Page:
Answers to Questions


CROFT/ANDERSON, Lilley / Sandridge / Wheathampstead, 19th century

February 2002






Rosemary Gray (?) of Park City, UT, says (in summary) that the 1851 census for Lilley, and his marriage certificate show that John Croft was a bailiff born at Landridge (I assume this is a mistake for Sandridge) in about 1814 and was the son of Henry Croft, His wife, Mary Ann Anderson was born in Wheathamstead, the daughter of Richard Anderson, I do not know anymore of John's or Mary Ann's parentage beyond their marriage record. I have access to the Family History Records in Salt Lake. I would be interested in what exactly a bailiff did in the mid 19th century? If you have any photos of Lilley or Offley, I'd love to see them on your site.

A check on the LDS 1881 census CD shows that John Croft (67, born Sandridge) was a farmer of 40 acres employing 1 man and 1 boy and living at Breachwood Green, Kings Walden, Herts. With him was his wife Mary (73, born Sandridge) and daughter Ruth (28, born Kings Walden) who was a straw hat & bonnet finisher. They had a lodger, John Rowland (43, married, born St Alkmunds, Derby) who was a Board School School Master. (A Board School was a school run by local people acting as an elected board of governors and is not to be confused with a boarding school.)

A check of the LDS British Vital Records Index CD shows that John Croft was baptised at Sandridge on 8th August 1813, the son of Henry & Mary Croft - and a check on the mircofilm of the registers should tell you his father's occupation. The index also shows the baptism of six siblings, from William on 19th March 1809 to Matilda in 1821. The 1841 census for Sandridge shows Henry Croft (55), Mary Croft (58), Matilda Croft (20), Susan Croft (13) and Isaac Bracey (3) living at Church End, Sandridge. Henry occupation is described as "MS" which I guess is short for Man Servant while the women were all "Pl" for straw plaiters. The was no sign of John in the village, which suggests he had already left home. William Croft had also left the village and is listed (with his family) as a farm bailiff at Redbourn in the 1851 census.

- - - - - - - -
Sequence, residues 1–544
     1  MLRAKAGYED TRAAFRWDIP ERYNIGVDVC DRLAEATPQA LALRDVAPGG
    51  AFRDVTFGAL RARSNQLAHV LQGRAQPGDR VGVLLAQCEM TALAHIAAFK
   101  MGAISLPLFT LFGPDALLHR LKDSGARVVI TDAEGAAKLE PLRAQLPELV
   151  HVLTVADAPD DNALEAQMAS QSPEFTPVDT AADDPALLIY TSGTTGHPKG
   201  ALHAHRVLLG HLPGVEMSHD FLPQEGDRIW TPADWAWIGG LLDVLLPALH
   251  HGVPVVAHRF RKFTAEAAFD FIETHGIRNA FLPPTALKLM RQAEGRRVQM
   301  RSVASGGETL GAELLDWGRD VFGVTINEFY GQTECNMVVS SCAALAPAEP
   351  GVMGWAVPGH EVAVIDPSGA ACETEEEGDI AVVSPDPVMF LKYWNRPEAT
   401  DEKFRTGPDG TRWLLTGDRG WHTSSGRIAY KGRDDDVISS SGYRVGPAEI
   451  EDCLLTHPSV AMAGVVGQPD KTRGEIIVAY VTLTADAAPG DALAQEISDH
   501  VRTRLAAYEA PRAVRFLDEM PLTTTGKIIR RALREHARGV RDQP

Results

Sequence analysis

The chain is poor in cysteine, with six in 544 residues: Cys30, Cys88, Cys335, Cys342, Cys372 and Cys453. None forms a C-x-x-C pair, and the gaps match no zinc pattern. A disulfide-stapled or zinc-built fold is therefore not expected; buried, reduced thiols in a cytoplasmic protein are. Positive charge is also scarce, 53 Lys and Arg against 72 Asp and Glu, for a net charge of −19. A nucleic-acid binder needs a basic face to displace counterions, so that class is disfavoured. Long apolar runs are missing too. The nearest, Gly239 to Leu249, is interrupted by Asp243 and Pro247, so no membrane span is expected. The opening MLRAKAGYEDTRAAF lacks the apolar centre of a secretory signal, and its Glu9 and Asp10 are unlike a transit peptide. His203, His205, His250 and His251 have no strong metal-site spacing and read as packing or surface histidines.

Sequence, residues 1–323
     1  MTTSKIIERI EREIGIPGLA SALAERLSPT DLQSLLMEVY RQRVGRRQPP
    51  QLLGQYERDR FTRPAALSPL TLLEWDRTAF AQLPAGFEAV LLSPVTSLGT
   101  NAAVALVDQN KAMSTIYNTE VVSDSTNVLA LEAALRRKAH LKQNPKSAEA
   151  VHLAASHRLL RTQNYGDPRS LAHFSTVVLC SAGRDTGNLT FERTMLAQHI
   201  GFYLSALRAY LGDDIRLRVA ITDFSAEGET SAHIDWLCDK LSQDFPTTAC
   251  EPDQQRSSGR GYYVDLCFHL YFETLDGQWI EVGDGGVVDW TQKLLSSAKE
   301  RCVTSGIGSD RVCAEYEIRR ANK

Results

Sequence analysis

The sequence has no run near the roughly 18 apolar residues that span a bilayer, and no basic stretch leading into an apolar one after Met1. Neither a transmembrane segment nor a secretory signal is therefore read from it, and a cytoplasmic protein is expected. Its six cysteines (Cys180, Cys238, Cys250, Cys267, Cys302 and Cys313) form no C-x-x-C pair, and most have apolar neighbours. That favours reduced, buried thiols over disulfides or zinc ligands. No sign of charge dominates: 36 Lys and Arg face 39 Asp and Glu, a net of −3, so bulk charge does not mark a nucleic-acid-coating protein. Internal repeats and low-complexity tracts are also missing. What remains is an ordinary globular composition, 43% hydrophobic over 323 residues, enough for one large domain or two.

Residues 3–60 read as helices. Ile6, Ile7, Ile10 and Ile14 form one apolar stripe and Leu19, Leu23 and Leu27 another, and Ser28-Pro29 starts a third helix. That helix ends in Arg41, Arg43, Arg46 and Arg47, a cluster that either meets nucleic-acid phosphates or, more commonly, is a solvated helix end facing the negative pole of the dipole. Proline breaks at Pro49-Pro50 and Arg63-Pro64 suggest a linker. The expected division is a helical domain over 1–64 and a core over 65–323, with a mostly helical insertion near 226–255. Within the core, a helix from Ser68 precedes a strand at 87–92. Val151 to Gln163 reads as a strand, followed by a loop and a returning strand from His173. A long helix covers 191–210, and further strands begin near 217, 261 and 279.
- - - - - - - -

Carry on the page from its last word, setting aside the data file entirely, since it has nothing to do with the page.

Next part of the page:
The LDS British Vital Records Index CD also shows that Mary Anderson, son of Richard Anderson and Alice Hawkes was born on 26th February 1808 and baptised at Wheathampstead on 24th April 1808. Four siblings were also christened in the village from Susannah in 1802 to John in 1810 - so you should have no difficulty in finding them in the microfilm of the parish register. The 1851 census shows that John was living at Bury Green Wheathampstead, with his wife, two sons, and his father Richard Anderson a 76 year old widower and agricultural labourer (pauper) who had been born at St Michaels (St Albans).

I have only quickly glanced at the British Vital Records Index CD so it may well contain other relevant information - so you can have a happy day chasing up the records in Salt Lake City using the above information as a starting point.

You ask about the term "Bailiff" - which is a word which has multiple meanings but which all boil down to some kind of subservient deputy. Which meaning applies depends on context. In this case the context is reasonably clear. John Croft was a bailiff in Lilley - which is a small English village, and he was a small farmer in 1881. His brother William was a farm bailiff in Rebourn in the 1851 census. As such the definition given in my mid-19th century Webster's Dictionary applies: "An overseer or under-steward on an estate appointed to direct husbandry operations, collect rents, etc." Basically John was almost certainly a paid employee running a farm for someone else. This often happened when there was a large house with a home farm. Often the well-to-do person living in the house left the running of the farm to a bailiff - so a re-examination of the census returns for Lilley may suggest who his employer might have been.

If you can add to the information given above tell me.